We’re of a similar age.
You’ve had some great advice in this thread - the two pieces I will offer are ‘easy to say, difficult to do’, but hopefully they help:
I am guessing that, like me, you didn’t become overweight overnight. It is difficult emotionally when you overhaul your eating, and you see few results - we are all victims of the diet trap, where we are promised on the front of magazines that you can ‘drop a stone in a month’ or ‘lose 8lbs in 13 days’. Even if we recognise that this is nonsense (or manipulation of water weight), we internalise those messages and when we make drastic changes, we feel as if we’re not receiving appropriate reward for our efforts.
It’s very difficult to trust in the plan if you feel that it isn’t working. I am confident in the approach, and even I have had wobbles where I’ve thought, “I am eating too much? Are my macros incorrect? Should I do x, y, z?”
It’s difficult to let go and trust in your body, but my advice would be to relax and give your body time and space to do what it needs. As many people have said, keto can heal from the inside, so fat loss may not be your body’s first priority.
Secondly, on the topic of internalising messages, we’re all surrounded by traditional thinking. This includes things like, ‘women should eat 1500 calories to lose weight’ or ‘your BMR is calculated as this’ etc. Some people will disagree with me here, but I can only give you my experience - I have lost weight in the past with extreme calorie restriction, but I also put it back on because I was clearly starving myself.
I deliberately raised my calories to 2000 - 2500 when starting keto, because I didn’t want my BMR to drop through the floor. I’ve been eating keto/carnivore for 7 months, and I eat to satiety without counting now (but I have a fair idea of how much I am consuming because I eat similar things each day), and I’ve lost a considerable amount of weight.
It’s very tempting to use calorie restriction as an additional lever to see quick results, but my feeling is that you can hamper yourself moving forward; I much prefer the idea of a life where I can eat 2000 each day, rather than collapsing my BMR and eating 1500 for the rest of my life.
There is a lot of content on this site about people finding that when they eat more, they lose more weight. It doesn’t always happen - your mileage may vary etc - but I agree with the logic of ‘feast’, ‘fast’, ‘famine’ (which basically means that large amounts of keto food can cause the body to realise that it is well fed and can afford to drop fat, whilst meagre amounts of food can cause the body to fear that food is scarce, so won’t drop fat). Again, this flies in the face of so much traditional diet wisdom, it can feel counterintuitive.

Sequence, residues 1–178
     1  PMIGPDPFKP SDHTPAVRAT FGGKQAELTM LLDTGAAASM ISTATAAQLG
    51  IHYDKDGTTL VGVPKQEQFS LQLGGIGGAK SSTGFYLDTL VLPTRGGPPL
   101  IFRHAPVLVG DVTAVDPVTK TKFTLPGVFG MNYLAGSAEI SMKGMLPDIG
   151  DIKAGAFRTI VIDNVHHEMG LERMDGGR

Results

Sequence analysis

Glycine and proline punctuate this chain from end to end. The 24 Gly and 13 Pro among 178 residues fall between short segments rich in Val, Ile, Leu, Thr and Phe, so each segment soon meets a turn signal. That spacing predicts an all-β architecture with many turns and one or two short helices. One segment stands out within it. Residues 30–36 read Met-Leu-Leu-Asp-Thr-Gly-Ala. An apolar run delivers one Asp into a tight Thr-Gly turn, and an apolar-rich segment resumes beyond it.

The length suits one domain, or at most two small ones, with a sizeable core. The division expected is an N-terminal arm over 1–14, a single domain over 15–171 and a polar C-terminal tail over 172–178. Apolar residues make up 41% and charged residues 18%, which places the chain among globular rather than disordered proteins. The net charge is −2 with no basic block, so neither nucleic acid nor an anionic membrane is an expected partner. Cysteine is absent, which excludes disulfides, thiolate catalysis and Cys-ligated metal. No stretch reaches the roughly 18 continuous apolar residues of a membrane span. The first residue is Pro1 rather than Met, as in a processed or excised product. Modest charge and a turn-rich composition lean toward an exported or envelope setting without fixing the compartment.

The final point I will add is that I feel that traditional diets do not take into account women’s hormones. Your body requires extra nourishment at certain points in your cycle. It takes a lot to be able to trust your body, and to switch off the ‘brain food trigger’ (oh I want something tasty) versus the ‘body food trigger’ (I am hungry).
Someone had advice on the forums previously to consider eating a hard boiled egg when hungry; if that sounds delicious, you’re hungry - if you’re not convinced, you’re not hungry, you’re looking for something ‘nice’. That was very useful for me in determining whether I was hungry or whether I was looking for a treat. If it was the latter, I deliberately found something else to do which was non-food related.
Anyway, on a hormone point, I have eaten 2.5lbs of meat on certain days without pausing for breath - and then, a few days later, struggled to get past 1lb. It’s like being a different person, and if you’re watching your calories, I feel that you wouldn’t provide your body with the nutrition it desires on certain days because you’re scared of going over. Being able to trust yourself is tricky, but it’s been exceptionally helpful for me.
Personally, I would also drop the scale. As is often said here, would you prefer to be 10 stone and wearing XL clothes, or 11 stone and wearing S clothes? With bone density and other factors, weight does not necessarily equate to size; it is fat loss that matters for aesthetics, not weight.
Eat more. Give your body time. Only limit carbs. Good luck.